With the federal government’s COVID-19 funding for universal free school meals looking like it will end on June 30, Westfield Public Schools Food Services Director Rachel Kania is urging families to apply for free or reduced meals form before the end of the year, even if they’re not certain whether they’ll qualify.
“Families, school districts have gotten used to free meals. It helps with grocery bills and food costs, and putting it back in the hands of parents in Westfield will be difficult,” Kania said. “A lot of parents have relied on their children getting breakfast and lunch in school.”
“When we did go to all free meals, [we saw] a huge uptick in our participation,” Kania added.
The end of funding will also impact the Food Services summer meal program, which last year hit an all-time high, serving 145,000 meals over the two months to all city Parks and Recreation programs, to the YMCA children at Camp Shepard, the Westfield Athenaeum, Stanley Park, and at summer school programs around Westfield.
The reason the free meals will be ending is that the universal school meals program was not included in the $1.5 trillion omnibus spending bill passed by the U.S. Senate on March 10.
Kania said advocates are trying to push it at a state level, to see if Massachusetts can extend universal free meals for one more year.
“They feel that because the participation rate has greatly increased in all districts, there is an obvious need. More families participate, more children use it,” she said.
According to information released by Project Bread, a statewide anti-hunger organization, Massachusetts families are still facing food insecurity at staggering numbers. From September 2020 to June 2021, over 93 million school meals were served to students at no cost through federal waivers, and in 2021, there was a 19.5 percent increase in school meal participation over 2019. Currently, one in five households with children, and one in three households of color with children, struggle to afford enough food, and rely daily on those free school meals.
State Rep. Kelly Pease, a member of the Joint Committee on Education, said the committee voted to extend the deadline to report the bill out of committee after the January hearings. He said in theory, everyone supports universal free meals.
“We know that kids that have a good nutritional balance between breakfast and lunch are better learners. The problem is we don’t know what that price tag is. We’re doing research to find out how much the federal government provided to the schools,” he said. “We were waiting to see what the feds did. … We have to see the cost, what we can afford and what we can’t.”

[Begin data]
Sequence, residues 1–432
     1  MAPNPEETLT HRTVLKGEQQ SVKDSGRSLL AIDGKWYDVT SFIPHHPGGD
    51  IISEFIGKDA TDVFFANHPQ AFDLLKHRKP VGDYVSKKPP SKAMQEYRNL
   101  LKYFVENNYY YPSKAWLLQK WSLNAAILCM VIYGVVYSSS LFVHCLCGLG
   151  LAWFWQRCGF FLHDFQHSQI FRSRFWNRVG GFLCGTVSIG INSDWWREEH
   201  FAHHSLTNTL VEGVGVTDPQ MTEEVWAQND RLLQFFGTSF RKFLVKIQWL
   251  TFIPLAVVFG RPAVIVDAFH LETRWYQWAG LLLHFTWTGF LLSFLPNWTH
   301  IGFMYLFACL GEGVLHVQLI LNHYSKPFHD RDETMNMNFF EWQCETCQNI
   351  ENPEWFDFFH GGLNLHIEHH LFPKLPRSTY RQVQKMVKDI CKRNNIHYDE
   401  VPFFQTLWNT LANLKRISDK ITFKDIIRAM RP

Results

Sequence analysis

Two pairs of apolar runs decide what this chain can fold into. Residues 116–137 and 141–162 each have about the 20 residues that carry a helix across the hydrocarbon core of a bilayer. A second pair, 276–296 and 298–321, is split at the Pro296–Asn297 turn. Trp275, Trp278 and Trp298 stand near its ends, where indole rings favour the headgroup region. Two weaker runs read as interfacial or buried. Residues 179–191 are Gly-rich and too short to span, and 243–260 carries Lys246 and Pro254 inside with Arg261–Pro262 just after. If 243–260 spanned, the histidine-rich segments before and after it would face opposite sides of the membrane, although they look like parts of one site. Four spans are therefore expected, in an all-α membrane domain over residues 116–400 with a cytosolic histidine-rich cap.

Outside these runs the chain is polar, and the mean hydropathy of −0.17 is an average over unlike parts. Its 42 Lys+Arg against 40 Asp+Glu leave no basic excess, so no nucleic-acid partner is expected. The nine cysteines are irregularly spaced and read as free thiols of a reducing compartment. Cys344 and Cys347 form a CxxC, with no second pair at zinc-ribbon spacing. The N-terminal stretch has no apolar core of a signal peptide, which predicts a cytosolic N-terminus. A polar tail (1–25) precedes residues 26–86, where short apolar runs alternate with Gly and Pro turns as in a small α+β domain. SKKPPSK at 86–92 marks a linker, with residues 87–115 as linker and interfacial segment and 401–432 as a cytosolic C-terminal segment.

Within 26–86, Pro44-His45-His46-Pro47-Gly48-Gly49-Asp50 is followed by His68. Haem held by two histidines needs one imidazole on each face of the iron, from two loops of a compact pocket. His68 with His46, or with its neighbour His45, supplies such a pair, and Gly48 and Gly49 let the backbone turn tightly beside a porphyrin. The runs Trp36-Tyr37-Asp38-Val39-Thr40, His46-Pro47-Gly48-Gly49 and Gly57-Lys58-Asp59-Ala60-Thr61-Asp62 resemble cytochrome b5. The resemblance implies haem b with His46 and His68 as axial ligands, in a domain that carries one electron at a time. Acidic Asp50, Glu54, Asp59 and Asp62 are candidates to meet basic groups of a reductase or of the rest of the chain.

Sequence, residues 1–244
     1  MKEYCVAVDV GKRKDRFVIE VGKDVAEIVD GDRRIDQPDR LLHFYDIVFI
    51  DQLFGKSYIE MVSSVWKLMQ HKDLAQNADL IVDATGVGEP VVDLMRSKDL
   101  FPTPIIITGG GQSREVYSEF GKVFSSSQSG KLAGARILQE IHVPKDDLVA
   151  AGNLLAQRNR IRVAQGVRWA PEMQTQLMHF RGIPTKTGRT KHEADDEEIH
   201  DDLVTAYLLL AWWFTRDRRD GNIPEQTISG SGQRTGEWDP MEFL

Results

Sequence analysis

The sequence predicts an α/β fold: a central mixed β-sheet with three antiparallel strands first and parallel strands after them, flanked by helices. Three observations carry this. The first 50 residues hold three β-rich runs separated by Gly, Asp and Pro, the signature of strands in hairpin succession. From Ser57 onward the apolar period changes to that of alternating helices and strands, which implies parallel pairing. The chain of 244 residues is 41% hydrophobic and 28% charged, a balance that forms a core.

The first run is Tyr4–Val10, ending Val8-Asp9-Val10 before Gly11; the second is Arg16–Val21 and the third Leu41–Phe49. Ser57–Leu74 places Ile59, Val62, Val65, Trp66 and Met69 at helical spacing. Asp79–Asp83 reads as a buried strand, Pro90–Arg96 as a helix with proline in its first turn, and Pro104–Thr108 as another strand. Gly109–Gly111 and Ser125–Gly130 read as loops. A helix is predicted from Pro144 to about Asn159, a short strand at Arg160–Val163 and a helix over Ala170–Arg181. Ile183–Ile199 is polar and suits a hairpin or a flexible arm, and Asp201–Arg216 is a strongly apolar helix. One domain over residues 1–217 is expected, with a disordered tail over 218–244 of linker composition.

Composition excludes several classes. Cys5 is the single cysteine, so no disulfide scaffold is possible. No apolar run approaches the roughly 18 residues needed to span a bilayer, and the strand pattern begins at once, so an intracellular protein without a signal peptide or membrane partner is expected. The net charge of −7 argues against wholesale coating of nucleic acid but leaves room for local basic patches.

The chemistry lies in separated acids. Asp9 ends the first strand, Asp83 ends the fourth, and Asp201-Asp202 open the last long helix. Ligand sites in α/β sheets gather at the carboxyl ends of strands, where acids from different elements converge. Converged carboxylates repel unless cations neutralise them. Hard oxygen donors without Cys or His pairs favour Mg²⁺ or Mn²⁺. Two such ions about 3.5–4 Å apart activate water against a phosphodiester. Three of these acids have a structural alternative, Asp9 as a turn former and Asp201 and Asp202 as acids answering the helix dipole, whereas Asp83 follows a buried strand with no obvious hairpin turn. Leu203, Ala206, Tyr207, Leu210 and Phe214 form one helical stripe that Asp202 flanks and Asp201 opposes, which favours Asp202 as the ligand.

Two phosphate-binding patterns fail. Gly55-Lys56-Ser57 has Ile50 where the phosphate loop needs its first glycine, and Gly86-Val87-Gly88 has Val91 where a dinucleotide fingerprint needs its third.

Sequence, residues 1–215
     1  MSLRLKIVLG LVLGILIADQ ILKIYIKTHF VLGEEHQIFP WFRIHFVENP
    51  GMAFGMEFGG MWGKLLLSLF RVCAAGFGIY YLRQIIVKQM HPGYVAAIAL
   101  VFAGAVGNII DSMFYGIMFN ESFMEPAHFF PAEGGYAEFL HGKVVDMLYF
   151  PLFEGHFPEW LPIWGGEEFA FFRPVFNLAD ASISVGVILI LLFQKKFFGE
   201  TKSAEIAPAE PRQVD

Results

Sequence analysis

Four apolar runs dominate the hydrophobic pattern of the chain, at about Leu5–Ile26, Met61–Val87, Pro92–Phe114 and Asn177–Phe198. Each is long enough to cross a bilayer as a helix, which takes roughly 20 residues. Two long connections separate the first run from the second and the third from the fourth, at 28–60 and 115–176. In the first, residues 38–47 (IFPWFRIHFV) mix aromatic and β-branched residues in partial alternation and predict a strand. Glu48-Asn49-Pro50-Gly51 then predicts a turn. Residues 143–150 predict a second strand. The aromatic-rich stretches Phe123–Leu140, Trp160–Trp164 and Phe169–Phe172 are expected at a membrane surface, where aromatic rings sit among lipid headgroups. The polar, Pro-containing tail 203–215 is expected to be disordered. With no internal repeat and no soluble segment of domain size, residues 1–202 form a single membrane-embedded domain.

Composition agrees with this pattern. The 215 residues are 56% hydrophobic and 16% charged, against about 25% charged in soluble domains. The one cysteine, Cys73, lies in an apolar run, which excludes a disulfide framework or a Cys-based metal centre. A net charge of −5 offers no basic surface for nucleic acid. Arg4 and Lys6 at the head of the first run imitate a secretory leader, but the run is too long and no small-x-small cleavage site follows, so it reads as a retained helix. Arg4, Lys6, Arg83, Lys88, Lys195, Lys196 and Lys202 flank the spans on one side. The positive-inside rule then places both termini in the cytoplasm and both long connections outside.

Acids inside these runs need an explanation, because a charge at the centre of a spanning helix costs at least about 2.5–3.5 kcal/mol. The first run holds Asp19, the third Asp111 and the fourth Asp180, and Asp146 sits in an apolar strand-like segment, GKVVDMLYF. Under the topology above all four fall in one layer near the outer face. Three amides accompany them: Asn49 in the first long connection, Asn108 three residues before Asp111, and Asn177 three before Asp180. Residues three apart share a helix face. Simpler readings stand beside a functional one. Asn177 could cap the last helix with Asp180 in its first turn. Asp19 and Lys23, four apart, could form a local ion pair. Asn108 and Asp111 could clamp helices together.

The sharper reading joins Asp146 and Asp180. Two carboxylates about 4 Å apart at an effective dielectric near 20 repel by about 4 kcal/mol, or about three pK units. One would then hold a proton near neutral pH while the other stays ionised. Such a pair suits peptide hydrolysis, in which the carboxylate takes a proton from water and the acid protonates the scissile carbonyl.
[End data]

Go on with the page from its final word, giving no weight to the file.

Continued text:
Pease said the state may look at increasing the household income cutoff for free or reduced meals, to allow more families to take advantage of the program. Kania said that would help.
Superintendent Stefan Czaporowski commented, “I support the idea of free breakfast and lunch for all students, and it is unfortunate that this can’t continue. Student participation rates for both our breakfast and lunch programs skyrocketed over the last two years because there was no cost. It will be interesting to see what will happen to student participation rates once we have to start charging again.”
Currently, the full price for breakfast at Westfield schools is $1.35, for elementary school lunch is $2.50, and for middle and high school lunch is $2.65. Kania said she believes she can hold those prices for the 2022-23 school year, even though food prices are rising. The cost for reduced breakfast and lunch is 20 cents for breakfast and 40 cents for lunch, a price which Kania said has remained the same for years.
“The most we can do is to encourage families to fill out the free and reduced[-cost] forms,” she said, which are available on the district website at www.schoolsofwestfield.org in the menu under Food Services Department, at all of the individual school offices and in the central registration office.
Kania also advised families not to wait until the fall. She said if the forms are filled out now, qualifying families will be covered as soon as school starts, in a seamless process. If the families wait until the fall, they will have to pay for meals the first few weeks until the applications are processed.
Kania said out of the entire district, only about 20 percent of families fill out the form.
“There’s many people that don’t think they qualify, but they would,” she said, adding that it’s a huge help if people actually fill out the application.